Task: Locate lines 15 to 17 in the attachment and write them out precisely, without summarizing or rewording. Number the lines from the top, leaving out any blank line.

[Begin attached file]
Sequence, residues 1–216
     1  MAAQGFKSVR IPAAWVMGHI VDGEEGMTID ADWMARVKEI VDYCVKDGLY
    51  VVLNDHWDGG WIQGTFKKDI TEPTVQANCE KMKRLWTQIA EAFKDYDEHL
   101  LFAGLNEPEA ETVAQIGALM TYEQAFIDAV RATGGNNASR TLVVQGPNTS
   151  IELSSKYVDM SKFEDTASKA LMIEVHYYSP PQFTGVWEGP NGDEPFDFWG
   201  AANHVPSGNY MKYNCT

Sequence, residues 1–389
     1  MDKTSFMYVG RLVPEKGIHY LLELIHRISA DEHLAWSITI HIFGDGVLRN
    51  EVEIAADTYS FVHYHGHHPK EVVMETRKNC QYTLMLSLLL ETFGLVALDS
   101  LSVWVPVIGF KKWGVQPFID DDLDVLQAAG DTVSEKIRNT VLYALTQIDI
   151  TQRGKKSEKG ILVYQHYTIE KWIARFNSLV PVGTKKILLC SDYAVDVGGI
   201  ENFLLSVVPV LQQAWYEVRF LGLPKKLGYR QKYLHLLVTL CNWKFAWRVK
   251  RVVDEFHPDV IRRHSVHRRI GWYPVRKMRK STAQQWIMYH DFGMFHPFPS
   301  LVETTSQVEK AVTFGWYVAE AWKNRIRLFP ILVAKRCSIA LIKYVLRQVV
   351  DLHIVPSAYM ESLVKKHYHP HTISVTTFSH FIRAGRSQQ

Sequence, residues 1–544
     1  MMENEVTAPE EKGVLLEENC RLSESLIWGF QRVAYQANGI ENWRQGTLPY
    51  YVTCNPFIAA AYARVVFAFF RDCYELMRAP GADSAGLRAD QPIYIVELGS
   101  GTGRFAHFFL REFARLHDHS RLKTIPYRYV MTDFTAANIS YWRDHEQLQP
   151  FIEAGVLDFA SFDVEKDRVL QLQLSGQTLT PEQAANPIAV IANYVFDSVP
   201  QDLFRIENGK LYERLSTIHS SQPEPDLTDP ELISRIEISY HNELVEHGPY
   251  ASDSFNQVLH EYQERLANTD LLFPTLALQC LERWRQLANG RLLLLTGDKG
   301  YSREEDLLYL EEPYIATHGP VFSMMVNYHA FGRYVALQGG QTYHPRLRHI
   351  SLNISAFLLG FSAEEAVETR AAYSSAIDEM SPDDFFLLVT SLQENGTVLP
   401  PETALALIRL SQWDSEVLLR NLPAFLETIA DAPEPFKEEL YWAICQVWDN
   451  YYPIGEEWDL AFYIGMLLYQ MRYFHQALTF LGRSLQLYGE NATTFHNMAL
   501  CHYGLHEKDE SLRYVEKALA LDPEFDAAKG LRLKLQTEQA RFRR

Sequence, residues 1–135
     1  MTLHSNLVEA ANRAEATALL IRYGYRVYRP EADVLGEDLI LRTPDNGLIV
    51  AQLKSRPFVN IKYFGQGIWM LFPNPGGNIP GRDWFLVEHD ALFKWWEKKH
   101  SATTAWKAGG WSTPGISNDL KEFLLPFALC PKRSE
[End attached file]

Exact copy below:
   351  DLHIVPSAYM ESLVKKHYHP HTISVTTFSH FIRAGRSQQ

Sequence, residues 1–544
     1  MMENEVTAPE EKGVLLEENC RLSESLIWGF QRVAYQANGI ENWRQGTLPY